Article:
Jan 25 2013
Researchers working at the Duke University School of Engineering have announced a remarkable, new application for graphene. In case you’ve missed our PID Radio discussions of graphene from 2010, here’s a quick review. Discovered in 1962, graphene is another form or ‘allele’ of carbon. Graphene is essentially a one atom thick plane of pure carbon arranged in a pattern that resembles chicken wire. Since the initial description in 1962 by Hanns-Peter Boehm, the allele drew little attention until 2010, when Andre Geim and Konstantin Novoselov at the University of Manchester ”for groundbreaking experiments regarding the two-dimensional material graphene”. (Source: http://www.nobelprize.org/nobel_prizes/physics/laureates/2010/).
Since 2010, graphene’s unique properties have spawned a new and lucrative industry that includes integrated circuitry and transistors, touchscreens and other electronic displays (including ‘organic’ light emitting diodes), electrochemical cells, desalination, solar cells, graphene nanoribbons and quantum dots, and as a medium for biomedical devices and even DNA sequencing. Now, Duke’s team have discovered that graphene can be controllably crumpled and uncrumpled, leading to speculation that these super thin sheets could become artificial muscle.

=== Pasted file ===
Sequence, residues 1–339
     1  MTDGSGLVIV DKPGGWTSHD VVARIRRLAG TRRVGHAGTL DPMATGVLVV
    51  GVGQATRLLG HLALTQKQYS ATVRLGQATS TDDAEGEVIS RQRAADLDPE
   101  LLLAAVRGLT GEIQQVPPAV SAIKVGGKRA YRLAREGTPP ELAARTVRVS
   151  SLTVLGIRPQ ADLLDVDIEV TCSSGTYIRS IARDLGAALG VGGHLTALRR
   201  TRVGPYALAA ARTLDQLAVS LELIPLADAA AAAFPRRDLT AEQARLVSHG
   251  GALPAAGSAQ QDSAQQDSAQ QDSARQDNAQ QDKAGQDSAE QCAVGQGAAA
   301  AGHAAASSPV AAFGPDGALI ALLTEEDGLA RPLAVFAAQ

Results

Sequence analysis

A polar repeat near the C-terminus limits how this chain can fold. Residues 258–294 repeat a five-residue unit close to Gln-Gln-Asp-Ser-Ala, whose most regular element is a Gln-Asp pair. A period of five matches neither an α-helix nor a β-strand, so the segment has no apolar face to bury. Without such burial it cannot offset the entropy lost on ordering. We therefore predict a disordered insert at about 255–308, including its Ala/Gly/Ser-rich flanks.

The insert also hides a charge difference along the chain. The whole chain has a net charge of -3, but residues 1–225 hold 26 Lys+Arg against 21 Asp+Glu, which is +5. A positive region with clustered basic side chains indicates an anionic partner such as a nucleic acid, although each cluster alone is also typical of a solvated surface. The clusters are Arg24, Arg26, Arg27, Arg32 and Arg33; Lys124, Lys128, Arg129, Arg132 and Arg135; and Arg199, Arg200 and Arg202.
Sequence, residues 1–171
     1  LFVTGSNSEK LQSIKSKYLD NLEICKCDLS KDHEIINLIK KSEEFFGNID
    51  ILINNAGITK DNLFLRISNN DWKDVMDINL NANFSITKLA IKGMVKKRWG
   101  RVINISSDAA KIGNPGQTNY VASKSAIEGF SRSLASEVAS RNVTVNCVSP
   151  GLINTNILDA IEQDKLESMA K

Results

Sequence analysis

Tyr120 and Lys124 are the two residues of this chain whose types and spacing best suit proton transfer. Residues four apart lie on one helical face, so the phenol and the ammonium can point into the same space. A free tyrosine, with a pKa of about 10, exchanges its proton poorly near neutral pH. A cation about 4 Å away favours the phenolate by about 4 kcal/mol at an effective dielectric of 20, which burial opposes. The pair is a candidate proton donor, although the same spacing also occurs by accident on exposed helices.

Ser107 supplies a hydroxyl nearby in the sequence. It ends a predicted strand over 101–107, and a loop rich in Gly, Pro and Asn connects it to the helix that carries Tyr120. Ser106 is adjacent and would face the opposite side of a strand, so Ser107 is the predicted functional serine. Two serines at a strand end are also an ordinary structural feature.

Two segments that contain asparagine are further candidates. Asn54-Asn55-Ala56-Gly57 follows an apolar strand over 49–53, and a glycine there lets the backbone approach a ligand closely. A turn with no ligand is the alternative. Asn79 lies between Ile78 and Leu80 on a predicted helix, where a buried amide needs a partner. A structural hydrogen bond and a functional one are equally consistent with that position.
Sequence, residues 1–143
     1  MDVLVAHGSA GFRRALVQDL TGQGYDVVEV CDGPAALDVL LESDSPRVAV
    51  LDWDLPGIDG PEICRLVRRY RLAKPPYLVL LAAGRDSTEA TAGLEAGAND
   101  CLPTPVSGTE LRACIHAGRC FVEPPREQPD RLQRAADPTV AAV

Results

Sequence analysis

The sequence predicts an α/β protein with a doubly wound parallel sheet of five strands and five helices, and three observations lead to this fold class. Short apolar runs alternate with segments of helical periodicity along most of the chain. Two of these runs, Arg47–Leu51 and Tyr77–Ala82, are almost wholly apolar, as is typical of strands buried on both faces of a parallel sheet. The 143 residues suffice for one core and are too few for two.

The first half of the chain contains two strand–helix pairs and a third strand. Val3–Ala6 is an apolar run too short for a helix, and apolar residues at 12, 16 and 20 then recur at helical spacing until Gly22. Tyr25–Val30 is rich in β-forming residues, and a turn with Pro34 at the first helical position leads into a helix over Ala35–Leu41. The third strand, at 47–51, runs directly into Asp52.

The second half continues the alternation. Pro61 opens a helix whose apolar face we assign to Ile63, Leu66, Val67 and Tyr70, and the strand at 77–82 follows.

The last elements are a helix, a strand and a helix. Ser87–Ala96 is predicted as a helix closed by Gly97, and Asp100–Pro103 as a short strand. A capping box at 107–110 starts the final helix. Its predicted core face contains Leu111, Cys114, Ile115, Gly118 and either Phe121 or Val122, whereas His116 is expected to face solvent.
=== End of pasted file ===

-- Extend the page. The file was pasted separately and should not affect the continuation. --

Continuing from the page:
Now, there’s the big clue. If you re-read the list of potential uses above and add the newly discovered ‘artificial muscle’ application, then you might begin to see what I’m seeing: that scientists have nearly all the basic pieces to assemble a Cylon. Graphene even has a counterpart called silicene, which forms single layers of pure silicon. Unlike graphene, silicene is not completely flat. Adding hydrogen (hydrogenation) of silicenes yields silicanes, yielding heat as a result (exothermic reaction). Silicene might prove handy for storing hydrogen. My imagination pictures silicene ‘skin’ or even silicene ‘lung’ tissue or even the energy behind an ‘artificial heart’.
If published reports of scientific discoveries truly is 20-40 years behind black-ops labs, then graphene and silicene have very possibly served as building blocks for the new Adam. Craig Ventor, George Church, and Ray Kurzweil must be delighted.
To read more about Duke University’s discovery, see: Controlled crumpling of graphene forms artificial muscle.
- Graphene: Patent surge reveals global race
- An Analysis of Worldwide Patent Filings Relating to Graphene (pdf)
- Graphene Patent Tracker